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Gwinnett center could garner work as postal service eyes possible cuts

LEXINGTON, Ky. (AP) -- Processing centers in Kentucky and Tennessee could be shut down and hundreds of local jobs lost as the U.S. Postal Service looks for ways to cut costs and restore its fiscal health.

The facilities in Lexington, Ky., and Chattanooga, Tenn., are among 250 centers nationwide being studied over the next three to four months as the Postal Service looks for ways to save money.

In Lexington, 184 jobs would be eliminated, with services moved to Louisville or Knoxville, Tenn. In Chattanooga, closure would mean 223 jobs lost and work shifted to Duluth, Ga.

Postal Service spokesman David Walton told The Chattanooga Times Free Press that if nothing is done, the Postal Service will go bankrupt.

"Right now, we're losing money hand over fist," he said. The Postal Service projects it will lose about $9 billion this year.

Walton said a public meeting will be held in Lexington in November.

Geoff Reed, an adviser to Lexington Mayor Jim Gray, told The Lexington Herald-Leader that the city is planning more discussions with postal officials.

"We all thought there would be a longer timeline and that the cutbacks envisioned would not be as severe," Reed said. "We are planning further discussions with representatives of the postal service as to exactly what this new directive means to Lexington."

Nationwide, the postal service is looking at adjusting service standards. For example, it might take two days to deliver first-class mail instead of only one, after mail volume dropped by 43 billion pieces in the last five years. Last year, the service was $8.5 billion in the red. Roughly half of all Americans now pay their bills online.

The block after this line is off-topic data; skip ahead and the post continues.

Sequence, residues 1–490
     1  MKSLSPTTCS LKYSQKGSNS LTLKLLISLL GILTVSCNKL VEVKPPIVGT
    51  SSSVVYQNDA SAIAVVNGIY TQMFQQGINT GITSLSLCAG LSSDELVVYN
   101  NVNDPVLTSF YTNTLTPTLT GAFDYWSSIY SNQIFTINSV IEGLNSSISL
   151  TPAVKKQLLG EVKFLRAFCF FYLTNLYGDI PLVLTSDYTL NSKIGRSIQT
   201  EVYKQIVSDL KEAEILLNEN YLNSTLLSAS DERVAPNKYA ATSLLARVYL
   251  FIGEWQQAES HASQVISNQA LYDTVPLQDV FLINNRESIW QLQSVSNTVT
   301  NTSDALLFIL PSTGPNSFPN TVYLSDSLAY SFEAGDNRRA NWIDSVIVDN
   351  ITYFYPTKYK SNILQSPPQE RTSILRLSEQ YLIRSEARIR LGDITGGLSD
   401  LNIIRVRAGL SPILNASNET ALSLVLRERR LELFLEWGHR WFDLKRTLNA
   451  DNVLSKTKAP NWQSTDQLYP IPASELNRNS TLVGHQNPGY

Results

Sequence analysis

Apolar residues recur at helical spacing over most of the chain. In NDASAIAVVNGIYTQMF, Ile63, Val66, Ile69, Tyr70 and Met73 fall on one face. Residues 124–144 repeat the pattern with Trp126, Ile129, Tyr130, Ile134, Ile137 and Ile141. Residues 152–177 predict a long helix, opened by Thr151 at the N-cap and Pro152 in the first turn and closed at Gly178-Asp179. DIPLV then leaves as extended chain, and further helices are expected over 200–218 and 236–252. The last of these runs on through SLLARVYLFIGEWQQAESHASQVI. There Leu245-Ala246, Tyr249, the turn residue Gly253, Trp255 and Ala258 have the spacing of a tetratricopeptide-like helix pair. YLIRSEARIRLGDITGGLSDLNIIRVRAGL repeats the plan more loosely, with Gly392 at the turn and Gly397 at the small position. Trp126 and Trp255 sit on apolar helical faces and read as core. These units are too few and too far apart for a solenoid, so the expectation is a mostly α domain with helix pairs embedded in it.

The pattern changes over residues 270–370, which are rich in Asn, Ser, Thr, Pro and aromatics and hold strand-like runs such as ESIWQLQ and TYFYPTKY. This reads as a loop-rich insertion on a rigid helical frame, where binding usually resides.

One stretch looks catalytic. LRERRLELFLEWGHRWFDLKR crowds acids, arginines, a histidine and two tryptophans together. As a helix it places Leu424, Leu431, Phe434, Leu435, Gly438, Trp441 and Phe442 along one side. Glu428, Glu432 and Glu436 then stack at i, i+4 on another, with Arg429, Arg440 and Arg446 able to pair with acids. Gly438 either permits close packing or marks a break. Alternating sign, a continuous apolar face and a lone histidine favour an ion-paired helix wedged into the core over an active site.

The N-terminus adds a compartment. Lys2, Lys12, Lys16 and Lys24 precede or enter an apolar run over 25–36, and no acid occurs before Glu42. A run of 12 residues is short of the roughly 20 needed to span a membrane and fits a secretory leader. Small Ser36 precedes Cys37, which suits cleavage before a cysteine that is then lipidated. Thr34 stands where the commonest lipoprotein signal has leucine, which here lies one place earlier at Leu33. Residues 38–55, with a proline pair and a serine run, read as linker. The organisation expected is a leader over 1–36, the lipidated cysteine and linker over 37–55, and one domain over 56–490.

Postal officials are considering whether to shift processing in Bowling Green to Evansville, Ind., and to Nashville, and processing in Elizabethtown to Louisville.

Sorting centers in Pikeville and Ashland already have been closed and the work transferred to West Virginia.

The Postal Service hopes to cut 220,000 of its 559,026 workers by 2015. In July, the organization announced a similar study that could shut down up to 3,700 post offices, 61 of which are in Tennessee.

There are about 50,000 workers at the targeted facilities, postal officials said.

Some people's jobs could be moved to other centers, Walton said. Nationally, he said, the average age of those affected is 52, and 54 percent of them are eligible for retirement.

"This is a study," Walton said. "We have to look at how one piece of the puzzle affects 10 or 20 other pieces."

Randy Bradley of the local American Postal Workers Union in Lexington said postal workers will fight back.

"It's nonsense," he said. "It beats me how this would save money if mail has to go to Knoxville before it's returned to Lexington. There are other ways to reconstruct from what they're doing."

The APWU is pushing a bill in the U.S. House that would allow pre-payments to the post service's retirement funds to be used to help balance the books.

They may get some help from Congressman Ben Chandler, D-Ky.

"This situation will be closely monitored, and I will continue to advocate to keep jobs in central Kentucky," Chandler said in a statement.

Jordan Powell, a spokesman for U.S. Rep. Chuck Fleischmann, R-Tenn., said the post office does need reforms.

"But the distribution center seems to be working in Chattanooga, so it doesn't make a lot of sense to move it somewhere else," Powell said.